"We commit to do whatever it takes and to use all available policy tools to minimize the economic and social damage from the pandemic, restore global growth, maintain market stability, and strengthen resilience," the G20 said.

—Read the full article from S&P Global Platts



US pressures Saudi Arabia to give up oil price war with Russia

The US is urging Saudi Arabia to back off its oil price war with Russia, with Secretary of State Mike Pompeo calling Crown Prince Mohammed bin Salman on Tuesday. The official Saudi Press Agency said the two "reviewed exerted efforts to maintain stability in the global energy markets."

The US State Department's readout of the call said that Pompeo "stressed that as a leader of the G20 and an important energy leader, Saudi Arabia has a real opportunity to rise to the occasion and reassure global energy and financial markets when the world faces serious economic uncertainty."

The call came ahead of a G20 leaders videoconference that Saudi King Salman bin Abdulaziz, who holds the international body's chairmanship this year, is hosting Wednesday to discuss the response to the coronavirus outbreak, which has already caused a major contraction in oil demand.

—Read the full article from S&P Global Platts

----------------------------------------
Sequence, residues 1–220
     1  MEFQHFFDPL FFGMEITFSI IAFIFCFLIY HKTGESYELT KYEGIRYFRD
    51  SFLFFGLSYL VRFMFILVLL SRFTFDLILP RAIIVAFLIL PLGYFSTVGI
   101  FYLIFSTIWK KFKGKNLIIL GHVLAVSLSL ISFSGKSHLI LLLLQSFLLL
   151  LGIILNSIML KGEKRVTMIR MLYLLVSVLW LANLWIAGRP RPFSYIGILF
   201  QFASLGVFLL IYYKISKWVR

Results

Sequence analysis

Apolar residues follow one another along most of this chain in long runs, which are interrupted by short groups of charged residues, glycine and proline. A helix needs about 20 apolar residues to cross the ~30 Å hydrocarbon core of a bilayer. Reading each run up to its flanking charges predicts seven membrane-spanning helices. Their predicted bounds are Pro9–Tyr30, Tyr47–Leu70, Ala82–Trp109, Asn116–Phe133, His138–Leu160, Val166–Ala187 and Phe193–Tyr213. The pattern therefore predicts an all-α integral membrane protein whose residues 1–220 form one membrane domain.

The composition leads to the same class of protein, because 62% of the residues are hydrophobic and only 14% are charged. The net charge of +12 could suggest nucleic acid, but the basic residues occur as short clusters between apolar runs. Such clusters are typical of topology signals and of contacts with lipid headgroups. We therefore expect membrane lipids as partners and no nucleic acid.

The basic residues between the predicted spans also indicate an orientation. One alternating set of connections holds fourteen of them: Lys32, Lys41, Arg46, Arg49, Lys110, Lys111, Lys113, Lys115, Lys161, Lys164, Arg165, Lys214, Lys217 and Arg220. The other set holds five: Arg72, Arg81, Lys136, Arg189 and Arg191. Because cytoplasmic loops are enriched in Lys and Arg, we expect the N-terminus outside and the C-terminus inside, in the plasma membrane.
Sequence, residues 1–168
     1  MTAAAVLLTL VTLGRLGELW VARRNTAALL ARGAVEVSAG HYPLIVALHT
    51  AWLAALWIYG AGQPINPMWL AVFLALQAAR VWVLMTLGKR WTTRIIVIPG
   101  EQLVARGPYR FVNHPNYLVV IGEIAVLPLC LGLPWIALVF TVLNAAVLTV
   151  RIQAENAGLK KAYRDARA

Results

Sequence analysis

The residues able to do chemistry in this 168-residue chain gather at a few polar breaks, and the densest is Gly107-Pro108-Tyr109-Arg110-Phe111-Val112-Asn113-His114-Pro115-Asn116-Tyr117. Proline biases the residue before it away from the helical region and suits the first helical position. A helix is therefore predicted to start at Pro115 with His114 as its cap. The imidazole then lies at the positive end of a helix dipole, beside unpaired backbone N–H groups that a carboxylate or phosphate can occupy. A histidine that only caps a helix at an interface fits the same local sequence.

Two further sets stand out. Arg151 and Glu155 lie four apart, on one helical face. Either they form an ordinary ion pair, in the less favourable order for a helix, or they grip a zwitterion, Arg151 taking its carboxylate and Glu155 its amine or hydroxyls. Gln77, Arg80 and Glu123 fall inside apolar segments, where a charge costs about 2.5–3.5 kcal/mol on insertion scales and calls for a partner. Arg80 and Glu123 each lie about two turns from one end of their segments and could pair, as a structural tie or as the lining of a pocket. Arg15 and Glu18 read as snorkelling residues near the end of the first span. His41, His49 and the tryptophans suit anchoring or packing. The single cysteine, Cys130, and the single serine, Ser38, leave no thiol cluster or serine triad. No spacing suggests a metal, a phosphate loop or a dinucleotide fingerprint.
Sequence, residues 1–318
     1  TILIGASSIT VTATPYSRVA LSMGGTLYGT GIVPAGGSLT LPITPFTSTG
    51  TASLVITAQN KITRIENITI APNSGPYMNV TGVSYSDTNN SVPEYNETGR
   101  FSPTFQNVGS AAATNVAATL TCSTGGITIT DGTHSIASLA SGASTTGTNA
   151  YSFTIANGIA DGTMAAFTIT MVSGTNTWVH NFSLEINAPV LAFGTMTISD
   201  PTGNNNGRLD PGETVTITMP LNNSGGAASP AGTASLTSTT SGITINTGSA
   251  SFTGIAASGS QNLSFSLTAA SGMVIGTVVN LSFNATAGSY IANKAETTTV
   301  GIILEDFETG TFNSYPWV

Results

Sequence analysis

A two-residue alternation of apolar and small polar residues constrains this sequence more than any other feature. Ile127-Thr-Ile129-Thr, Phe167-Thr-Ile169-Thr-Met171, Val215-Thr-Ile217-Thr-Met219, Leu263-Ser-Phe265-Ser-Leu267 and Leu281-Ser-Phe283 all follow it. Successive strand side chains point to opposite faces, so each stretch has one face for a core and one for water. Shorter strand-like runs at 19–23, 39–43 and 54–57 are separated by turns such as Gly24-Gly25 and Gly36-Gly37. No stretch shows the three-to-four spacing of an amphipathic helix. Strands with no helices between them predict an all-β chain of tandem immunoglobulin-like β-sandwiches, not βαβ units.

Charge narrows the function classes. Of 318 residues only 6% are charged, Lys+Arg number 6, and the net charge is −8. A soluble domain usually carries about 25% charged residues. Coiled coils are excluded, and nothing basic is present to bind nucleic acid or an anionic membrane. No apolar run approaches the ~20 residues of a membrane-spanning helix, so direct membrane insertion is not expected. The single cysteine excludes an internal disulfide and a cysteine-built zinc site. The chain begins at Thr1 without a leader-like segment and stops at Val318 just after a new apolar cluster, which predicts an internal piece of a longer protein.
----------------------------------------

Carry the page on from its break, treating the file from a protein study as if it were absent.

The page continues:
Russian oil, gas output to continue smoothly despite new coronavirus measures

Russian oil and gas producers said Thursday that measures introduced so far to combat the spread of the coronavirus in Russia will not affect oil and gas production and supply. Russia ramped up measures to combat the virus on Wednesday, with Russian President Vladimir Putin announcing that next week would be a paid non-working week throughout the country. Oil and gas producers said that this does not apply to those workers ensuring smooth operations at oil and gas production projects and supply chains.

—Read the full article from S&P Global Platts



Factbox: Crude remains in the $20s/b as coronavirus spread reduces demand

Petroleum prices fell Thursday, remaining in the $20s/b, as the coronavirus spread continued to reduce travel and demand for transportation fuels. The market remains glutted with crude as Saudi Arabia and Russia have yet to back off their plans to expand market share regardless of the drop in demand. The two countries appear no closer to a detente in their oil price war, despite US pressure on Saudi Arabia this week, and a videoconference summit of G20 leaders to discuss the coronavirus' impact on the world economy.

Global coronavirus cases continue to grow. According to Johns Hopkins University, there were 491,623 confirmed cases Thursday, up 240,119 cases in a week. Cases in China have flattened out at roughly 82,000, with the growth coming from the rest of the world. Gasoline and jet fuel crack spreads have been especially hard hit, with some turning negative as governments increasingly close businesses and schools, while airlines slash flights.

—Read the full article from S&P Global Platts



US oil, gas rig count drops by 47 to 766 on week amid extreme activity cutbacks